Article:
Book Review, Books

A Curse So Dark and Lonely Review

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A Curse So Dark And Lonely by Brigid Kemmerer

In a lush, contemporary fantasy retelling of Beauty and the Beast, Brigid Kemmerer gives readers another compulsively readable romance perfect for fans of Marissa Meyer.

Fall in love, break the curse.

It once seemed so easy to Prince Rhen, the heir to Emberfall. Cursed by a powerful enchantress to repeat the autumn of his eighteenth year over and over, he knew he could be saved if a girl fell for him. But that was before he learned that at the end of each autumn, he would turn into a vicious beast hell-bent on destruction. That was before he destroyed his castle, his family, and every last shred of hope.

Nothing has ever been easy for Harper Lacy. With her father long gone, her mother dying, and her brother barely holding their family together while constantly underestimating her because of her cerebral palsy, she learned to be tough enough to survive. But when she tries to save someone else on the streets of Washington, DC, she’s instead somehow sucked into Rhen’s cursed world.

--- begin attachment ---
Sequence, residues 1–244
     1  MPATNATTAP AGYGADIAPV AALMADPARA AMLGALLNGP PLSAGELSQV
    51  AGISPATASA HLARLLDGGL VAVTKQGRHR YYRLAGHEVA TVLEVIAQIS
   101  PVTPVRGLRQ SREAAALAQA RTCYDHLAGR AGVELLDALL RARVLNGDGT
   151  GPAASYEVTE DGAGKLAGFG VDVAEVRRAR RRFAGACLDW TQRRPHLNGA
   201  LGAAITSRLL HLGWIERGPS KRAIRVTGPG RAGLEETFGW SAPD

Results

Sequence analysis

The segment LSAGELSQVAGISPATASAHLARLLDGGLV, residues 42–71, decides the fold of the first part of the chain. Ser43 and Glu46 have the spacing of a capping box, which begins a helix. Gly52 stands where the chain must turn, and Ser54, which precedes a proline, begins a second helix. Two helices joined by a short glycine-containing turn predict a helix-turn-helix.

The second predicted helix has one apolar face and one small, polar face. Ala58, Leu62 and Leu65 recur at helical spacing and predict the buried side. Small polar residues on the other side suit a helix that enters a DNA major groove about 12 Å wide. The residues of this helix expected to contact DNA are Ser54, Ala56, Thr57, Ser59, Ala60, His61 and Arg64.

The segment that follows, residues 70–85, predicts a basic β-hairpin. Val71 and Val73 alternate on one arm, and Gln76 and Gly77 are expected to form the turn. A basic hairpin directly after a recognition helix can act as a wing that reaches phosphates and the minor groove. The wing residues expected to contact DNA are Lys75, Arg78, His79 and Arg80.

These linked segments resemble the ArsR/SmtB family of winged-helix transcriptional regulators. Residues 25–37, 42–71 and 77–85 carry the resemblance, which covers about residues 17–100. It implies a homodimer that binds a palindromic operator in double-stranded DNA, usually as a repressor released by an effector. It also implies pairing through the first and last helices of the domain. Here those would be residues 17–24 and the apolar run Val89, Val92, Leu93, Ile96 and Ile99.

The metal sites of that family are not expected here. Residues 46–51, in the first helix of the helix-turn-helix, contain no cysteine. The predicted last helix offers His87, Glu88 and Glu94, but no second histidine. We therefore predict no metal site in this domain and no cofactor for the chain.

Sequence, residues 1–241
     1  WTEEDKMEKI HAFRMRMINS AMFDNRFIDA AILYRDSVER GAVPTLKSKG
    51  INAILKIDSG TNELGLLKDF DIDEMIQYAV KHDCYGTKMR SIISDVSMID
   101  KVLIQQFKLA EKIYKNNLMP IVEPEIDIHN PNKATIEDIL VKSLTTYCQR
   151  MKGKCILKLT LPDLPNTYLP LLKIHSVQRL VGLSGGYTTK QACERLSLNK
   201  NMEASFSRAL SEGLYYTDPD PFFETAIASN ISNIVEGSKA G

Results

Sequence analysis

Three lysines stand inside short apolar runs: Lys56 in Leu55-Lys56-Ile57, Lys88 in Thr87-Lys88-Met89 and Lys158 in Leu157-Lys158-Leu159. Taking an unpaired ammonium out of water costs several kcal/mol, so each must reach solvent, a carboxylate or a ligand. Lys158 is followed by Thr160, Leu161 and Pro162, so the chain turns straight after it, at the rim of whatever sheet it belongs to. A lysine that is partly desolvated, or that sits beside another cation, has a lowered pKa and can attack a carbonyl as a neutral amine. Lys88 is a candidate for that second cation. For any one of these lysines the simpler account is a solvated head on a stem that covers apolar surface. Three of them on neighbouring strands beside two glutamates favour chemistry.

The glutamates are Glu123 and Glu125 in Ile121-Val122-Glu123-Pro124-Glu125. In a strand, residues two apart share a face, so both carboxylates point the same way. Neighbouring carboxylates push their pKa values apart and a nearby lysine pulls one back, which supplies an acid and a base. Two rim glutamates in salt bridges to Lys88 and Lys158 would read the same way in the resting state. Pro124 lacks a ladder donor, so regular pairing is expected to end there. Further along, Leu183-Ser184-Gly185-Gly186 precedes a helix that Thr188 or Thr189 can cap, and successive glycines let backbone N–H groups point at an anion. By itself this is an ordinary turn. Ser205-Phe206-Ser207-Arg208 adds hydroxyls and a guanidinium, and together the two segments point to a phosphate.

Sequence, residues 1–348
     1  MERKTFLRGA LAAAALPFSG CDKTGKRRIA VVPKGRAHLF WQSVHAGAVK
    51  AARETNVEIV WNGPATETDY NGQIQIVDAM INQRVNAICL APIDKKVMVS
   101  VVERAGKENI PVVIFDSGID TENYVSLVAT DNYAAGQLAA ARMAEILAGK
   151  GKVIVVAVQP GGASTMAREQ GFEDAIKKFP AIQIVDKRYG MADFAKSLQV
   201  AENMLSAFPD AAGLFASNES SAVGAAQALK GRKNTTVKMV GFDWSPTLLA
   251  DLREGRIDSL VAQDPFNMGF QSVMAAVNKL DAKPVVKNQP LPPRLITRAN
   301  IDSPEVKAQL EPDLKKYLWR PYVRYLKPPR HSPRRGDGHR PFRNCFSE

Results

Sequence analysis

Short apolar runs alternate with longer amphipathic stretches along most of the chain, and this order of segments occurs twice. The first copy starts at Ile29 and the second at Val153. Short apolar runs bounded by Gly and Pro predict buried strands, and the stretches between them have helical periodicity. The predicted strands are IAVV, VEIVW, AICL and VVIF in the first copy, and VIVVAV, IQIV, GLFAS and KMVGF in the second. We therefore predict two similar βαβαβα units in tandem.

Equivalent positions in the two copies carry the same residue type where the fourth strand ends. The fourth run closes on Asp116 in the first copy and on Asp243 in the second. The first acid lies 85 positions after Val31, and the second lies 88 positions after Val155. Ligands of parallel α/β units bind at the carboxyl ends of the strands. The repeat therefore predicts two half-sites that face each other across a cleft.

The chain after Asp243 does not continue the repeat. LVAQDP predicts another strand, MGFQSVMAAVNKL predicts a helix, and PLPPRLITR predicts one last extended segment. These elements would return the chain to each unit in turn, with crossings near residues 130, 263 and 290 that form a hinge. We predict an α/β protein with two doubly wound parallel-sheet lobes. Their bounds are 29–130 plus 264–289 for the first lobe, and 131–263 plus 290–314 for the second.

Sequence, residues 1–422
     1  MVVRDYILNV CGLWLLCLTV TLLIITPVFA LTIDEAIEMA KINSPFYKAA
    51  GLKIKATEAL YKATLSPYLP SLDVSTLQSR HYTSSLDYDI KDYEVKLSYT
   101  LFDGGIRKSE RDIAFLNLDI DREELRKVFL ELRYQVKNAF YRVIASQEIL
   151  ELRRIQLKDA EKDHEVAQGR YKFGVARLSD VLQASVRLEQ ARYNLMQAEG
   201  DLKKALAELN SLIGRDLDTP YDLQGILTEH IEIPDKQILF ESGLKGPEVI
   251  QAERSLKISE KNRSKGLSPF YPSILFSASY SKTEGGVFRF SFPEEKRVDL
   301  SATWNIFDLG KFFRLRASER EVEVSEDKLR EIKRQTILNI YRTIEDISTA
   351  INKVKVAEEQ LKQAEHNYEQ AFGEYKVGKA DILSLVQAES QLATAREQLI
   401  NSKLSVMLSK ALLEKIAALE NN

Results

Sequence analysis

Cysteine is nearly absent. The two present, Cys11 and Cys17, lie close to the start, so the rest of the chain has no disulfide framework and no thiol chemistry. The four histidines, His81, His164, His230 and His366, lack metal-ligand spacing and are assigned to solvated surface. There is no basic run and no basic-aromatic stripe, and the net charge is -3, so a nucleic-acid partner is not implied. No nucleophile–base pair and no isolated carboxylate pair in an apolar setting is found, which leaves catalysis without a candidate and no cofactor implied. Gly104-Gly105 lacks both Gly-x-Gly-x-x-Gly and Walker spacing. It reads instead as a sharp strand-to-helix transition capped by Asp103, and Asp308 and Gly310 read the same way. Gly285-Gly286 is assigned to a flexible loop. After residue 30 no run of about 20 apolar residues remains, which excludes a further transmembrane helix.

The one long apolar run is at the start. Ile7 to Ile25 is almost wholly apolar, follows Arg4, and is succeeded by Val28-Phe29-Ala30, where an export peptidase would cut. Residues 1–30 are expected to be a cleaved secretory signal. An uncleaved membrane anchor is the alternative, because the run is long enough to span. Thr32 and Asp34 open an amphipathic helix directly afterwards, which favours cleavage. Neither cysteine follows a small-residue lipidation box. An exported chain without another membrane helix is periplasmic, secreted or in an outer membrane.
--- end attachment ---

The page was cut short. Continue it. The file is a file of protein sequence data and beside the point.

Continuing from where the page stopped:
Break the curse, save the kingdom.

A prince? A monster? A curse? Harper doesn’t know where she is or what to believe. But as she spends time with Rhen in this enchanted land, she begins to understand what’s at stake. And as Rhen realizes Harper is not just another girl to charm, his hope comes flooding back. But powerful forces are standing against Emberfall . . . and it will take more than a broken curse to save Harper, Rhen, and his people from utter ruin.

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Retelling of Beauty and the Beast? Sign me up (actually, not always, but it does get me interested). Then it is by Brigid, who I find to be a great author and she’s one of the few contemporary ones I actually really really enjoy (I am not the biggest on contemporary).

It’s taken me a while to write this review because I wasn’t sure how to write it. I loved the entire new twist to the Beauty and the Beast story. It is fresh but it is also, at the core, still the same story. However, the characters are in their own way so much better.